|Saturday||135(136)i-iii; but during Adv/Xmas, Lent/Eastertide: 105(106)i-iii||91(92); Audite caeli; 8||118(119)xi; 60(61); 63(64)|
The third week of the psalter is used for the third week of Advent, the week beginning on the third Sunday of Lent, the third and seventh weeks of Easter, and the 3rd, 7th, 11th, 15th, 19th, 23rd, 27th, and 31st weeks of Ordinary Time.
|Day||Office of Reading||Lauds||Hora media||Vespers||Compline|
|Sunday Vigil||112(113); 115(116B); Christus Jesus;||4; 133(134)|
|Sunday||144(145)i; 144(145)ii; 144(145)iii||92(93); Benedicite omnia; 148||117(118)i; 117(118)ii; 117(118)iii||109(110); 110(111); Alleluia;||90(91)|
|Monday||49(50)i; 49(50)ii; 49(50)iii||83(84); Erit in novissimis diebus; 95(96)||118(119)xii; 70(71)i; 70(71)ii||122(123); 123(124); Benedictus Deus et Pater;||85(86)|
|Tuesday||67(68)i; 67(68)ii; 67(68)iii||84(85); Urbs fortis; 66(67)||118(119)xiii; 73(74)i; 73(74)ii||124(125); 130(131); Dignus es;||142(143)|
|Wednesday||88(89)i; 88(89)ii; 88(89)iii||85(86); Audite qui longe estis; 97(98)||118(119)xiv; 69(70); 74(75)||125(126); 126(127); Gratias agamus Deo;||30(31),2-6; 129(130)|
|Thursday||88(89)iv; 88(89)v; 89(90)||86(87); Ecce Dominus Deus in virtute venit; 98(99)||118(119)xv; 78(79); 79(80)||131(132)i; 131(132)ii; Gratias agimus tibi;||15(16)|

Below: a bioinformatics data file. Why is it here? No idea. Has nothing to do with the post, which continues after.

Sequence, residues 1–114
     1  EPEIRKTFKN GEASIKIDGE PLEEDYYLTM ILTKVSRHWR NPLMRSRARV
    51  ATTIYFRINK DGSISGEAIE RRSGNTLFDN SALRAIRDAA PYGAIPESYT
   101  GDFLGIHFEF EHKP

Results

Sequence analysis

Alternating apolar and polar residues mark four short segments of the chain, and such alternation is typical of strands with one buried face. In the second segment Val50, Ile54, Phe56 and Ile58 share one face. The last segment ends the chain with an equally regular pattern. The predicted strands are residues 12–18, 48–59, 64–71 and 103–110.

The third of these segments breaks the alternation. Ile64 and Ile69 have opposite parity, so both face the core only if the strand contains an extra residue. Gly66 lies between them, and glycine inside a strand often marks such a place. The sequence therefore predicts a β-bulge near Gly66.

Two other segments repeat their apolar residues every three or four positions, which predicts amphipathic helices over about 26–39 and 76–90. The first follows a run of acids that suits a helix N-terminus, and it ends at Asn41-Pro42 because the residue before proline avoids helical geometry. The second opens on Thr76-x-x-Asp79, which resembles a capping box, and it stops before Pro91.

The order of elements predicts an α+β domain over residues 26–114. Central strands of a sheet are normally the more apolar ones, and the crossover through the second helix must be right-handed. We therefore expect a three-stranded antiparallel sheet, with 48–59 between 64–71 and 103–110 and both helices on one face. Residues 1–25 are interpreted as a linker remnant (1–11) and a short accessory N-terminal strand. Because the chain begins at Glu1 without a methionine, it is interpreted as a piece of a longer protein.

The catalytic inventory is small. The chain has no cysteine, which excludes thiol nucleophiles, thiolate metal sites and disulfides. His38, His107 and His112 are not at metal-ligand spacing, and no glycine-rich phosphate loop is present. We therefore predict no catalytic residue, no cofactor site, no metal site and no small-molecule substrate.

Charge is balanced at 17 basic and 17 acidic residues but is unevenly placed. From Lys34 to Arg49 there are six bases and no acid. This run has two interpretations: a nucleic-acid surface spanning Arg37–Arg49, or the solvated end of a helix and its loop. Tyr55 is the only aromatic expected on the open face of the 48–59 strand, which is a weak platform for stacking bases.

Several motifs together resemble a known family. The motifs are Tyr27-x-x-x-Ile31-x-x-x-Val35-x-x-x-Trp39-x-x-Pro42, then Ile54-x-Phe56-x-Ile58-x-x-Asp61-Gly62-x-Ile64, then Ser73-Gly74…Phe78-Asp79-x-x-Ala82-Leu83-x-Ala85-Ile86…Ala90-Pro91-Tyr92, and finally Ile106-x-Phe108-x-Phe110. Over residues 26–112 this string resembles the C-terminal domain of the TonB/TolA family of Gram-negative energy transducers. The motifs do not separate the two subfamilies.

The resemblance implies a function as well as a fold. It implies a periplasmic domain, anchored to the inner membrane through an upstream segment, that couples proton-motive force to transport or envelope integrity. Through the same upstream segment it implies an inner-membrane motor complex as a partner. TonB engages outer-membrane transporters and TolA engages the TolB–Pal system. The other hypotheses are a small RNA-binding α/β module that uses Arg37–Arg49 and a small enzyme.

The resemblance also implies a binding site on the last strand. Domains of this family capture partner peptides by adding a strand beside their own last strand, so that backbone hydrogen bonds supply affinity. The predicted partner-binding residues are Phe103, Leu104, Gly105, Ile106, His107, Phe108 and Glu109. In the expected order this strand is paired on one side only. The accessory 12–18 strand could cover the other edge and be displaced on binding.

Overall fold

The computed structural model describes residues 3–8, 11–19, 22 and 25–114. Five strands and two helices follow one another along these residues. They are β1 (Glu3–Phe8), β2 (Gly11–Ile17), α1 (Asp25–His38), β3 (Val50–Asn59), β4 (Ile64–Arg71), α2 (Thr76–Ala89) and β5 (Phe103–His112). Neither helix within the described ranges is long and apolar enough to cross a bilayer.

|Friday||68(69)i; 68(69)ii; 68(69)iii||50(51); Deducant oculi mei lacrimam; 99(100)||21(22)i; 21(22)ii; 21(22)iii||134(135)i; 134(135)ii; Magna et mirabilia;||87(88)|
|Saturday||106(107)i; 106(107)ii; 106(107)iii||118(119)xix; Deus patrum meorum; 116(117)||118(119)xvi; 33(34)i; 33(34)ii|
The fourth week of the psalter is used for the fourth week of Advent, the days of Lent from Ash Wednesday until the following Saturday, the week beginning on the fourth Sunday of Lent, the fourth week of Easter, and the 4th, 8th, 12th, 16th, 20th, 24th, 28th, and 32nd weeks of Ordinary Time. If Christmas Day does not fall on a Saturday or Sunday, the fourth week of the psalter is used during Christmastide until the first Sunday of Christmas.
|Day||Office of Reading||Lauds||Hora media||Vespers||Compline|
|Sunday Vigil||121(122); 129(130); Christus Jesus;||4; 133(134)|